Eating Disorder or Disordered Eating?

Eating Disorder or Disordered Eating?

This year I want to write more about Mental Health Awareness. Last blog, I introduced the idea of Mad Studies and following that lead, I’d like to shine more focus on; our culture’s attitudes towards people with mental health conditions, the existing treatment approaches in the mental health field, and the possible prevention of stigma and pathologizing within and around our mental health care systems.

I’ll start by addressing something personal and incredibly important to me; the consistent rise of diagnoses of eating disorders in our culture.

 I myself have food and eating-related issues. So do many people that I know. Considering, “globally, approximately 70 million people suffer from an eating disorder in their lifetime”, it’s really not hard to believe that me, you, and anyone we know may have food and eating-related issues.

Personally, I don’t like to use the words suffer or disorder, when I consider the food and eating-related issues that I live with. This type of terminology makes me feel damaged and hopeless.

I don’t like calling my condition a disease, because really, food and eating-related issues may be seen in our body, but modern science is now proving that the nature of these conditions stems from neurological differences in the brain.

“Medical definitions of eating disorders have often focused on external factors, including cultural pressures, parents' attitudes toward weight and diet, and stressful or traumatic events that might trigger disordered eating habits. While the environment certainly plays a part in shaping the behaviors, evidence is mounting that eating disorders begin in the brain.

Staying consistent with the Mad Studies Movement and the Neurodiversity Paradigm, I strongly believe that food and eating-related conditions stem from external pressures AND neurological differences in the brain.

 Food and eating-related conditions are far more complex than simply calling them physiological diseases. These types of conditions shouldn’t try to be understood or treated with just a simple diagnosis or label.

 In our culture, food and eating-related mental health conditions have been traditionally misunderstood and pathologized.

From 1994, the older Diagnostic and Statistical Manual of Mental Disorders

(DSM-IV) identified eating “disorders” into three simple categories; Anorexia Nervosa, Bulimia Nervosa (and Bulimic-type eating disorders), and/or Eating Disorder Not Otherwise Specified (EDNOS).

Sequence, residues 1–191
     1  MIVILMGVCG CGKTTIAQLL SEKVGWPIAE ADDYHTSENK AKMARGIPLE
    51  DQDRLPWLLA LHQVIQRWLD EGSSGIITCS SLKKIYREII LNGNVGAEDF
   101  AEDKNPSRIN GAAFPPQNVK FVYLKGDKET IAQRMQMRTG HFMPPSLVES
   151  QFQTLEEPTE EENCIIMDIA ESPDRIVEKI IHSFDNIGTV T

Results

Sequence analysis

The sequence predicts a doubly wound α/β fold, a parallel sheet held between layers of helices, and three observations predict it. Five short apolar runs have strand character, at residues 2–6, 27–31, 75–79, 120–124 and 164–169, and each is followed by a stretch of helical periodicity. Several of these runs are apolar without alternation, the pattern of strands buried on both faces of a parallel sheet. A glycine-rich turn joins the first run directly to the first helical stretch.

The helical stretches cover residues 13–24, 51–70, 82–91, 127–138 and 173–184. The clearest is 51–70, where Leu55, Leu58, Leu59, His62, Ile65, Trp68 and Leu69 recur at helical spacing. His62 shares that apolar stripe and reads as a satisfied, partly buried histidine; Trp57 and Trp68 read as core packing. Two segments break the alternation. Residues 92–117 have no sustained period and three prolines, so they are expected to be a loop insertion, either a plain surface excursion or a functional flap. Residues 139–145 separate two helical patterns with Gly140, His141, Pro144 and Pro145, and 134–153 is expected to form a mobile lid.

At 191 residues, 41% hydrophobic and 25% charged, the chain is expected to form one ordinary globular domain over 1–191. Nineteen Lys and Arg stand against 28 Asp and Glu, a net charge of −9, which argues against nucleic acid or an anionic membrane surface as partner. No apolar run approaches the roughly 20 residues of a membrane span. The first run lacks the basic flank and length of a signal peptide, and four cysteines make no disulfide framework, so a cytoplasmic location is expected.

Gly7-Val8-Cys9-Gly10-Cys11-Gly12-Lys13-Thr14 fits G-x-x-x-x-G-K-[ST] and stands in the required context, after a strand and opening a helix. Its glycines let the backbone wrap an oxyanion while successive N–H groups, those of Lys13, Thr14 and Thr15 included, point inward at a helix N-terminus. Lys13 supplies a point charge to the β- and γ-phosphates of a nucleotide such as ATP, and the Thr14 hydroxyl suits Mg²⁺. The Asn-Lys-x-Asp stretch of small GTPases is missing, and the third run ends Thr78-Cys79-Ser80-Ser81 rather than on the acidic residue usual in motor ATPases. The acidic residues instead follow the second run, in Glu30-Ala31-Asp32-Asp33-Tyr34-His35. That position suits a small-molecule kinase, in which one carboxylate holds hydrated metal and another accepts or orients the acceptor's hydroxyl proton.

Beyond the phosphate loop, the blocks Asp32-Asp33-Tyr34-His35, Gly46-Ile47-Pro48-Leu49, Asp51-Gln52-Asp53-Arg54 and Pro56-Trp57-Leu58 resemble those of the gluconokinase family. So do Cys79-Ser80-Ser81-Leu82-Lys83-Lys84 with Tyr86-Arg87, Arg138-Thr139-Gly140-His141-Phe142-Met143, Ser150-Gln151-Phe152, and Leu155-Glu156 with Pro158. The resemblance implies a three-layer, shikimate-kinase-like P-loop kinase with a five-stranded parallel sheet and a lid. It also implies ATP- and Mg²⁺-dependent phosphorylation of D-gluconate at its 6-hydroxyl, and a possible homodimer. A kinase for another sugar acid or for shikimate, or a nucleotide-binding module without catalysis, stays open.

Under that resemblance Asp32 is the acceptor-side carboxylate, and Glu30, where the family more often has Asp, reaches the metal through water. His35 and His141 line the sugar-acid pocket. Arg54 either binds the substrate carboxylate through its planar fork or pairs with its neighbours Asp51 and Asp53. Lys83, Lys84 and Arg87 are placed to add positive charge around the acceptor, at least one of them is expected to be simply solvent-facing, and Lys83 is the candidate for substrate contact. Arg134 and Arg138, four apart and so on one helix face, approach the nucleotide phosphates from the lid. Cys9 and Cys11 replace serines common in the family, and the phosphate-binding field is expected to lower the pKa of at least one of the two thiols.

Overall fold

In 2013, Binge Eating Disorder was introduced into the DSM-IV because it had been earlier identified only as a sub-category of Bulimia with other conditions such as Compulsive Eating Disorder, Purging Disorder, and Obesity.

 And...with even more updated research on the diagnostic symptoms for these not so simple conditions, the criteria was later changed in the current DSM-5 to include Other Specified Feeding and Eating Disorders (OSFED) and Unspecified Eating Disorders (UFED).

In summary, “the number of eating disorder diagnoses in DSM-5 has increased from three to eight. These include six specific diagnoses: (1) Pica, (2) Rumination Disorder (RD), (3) Avoidant/Restrictive Food Intake Disorder (ARFID), (4) Anorexia Nervosa (AN), (5) Bulimia Nervosa (BN), and (6) Binge Eating Disorder (BED). They also include two “umbrella” diagnoses: (7) Other Specified Feeding or Eating Disorder (OSFED) and (8) Unspecified Feeding or Eating Disorder (UFED).”

 So? Does the new updated version of the DSM make life easier for people with food and eating-related conditions?

Somewhat. It definitely gives a wider spectrum of criteria for Medical Professionals to use when diagnosing a condition. Diagnosis definitely helps pinpoint certain unhealthy symptoms and behaviors that can help determine a treatment plan in which to eliminate and/or change the symptoms and behaviors. But...

Once the diagnosis is made, the unhealthy symptoms and behaviors are defined, and the treatment plan is outlined, what does the “label” really do to help someone with food and eating-related issues?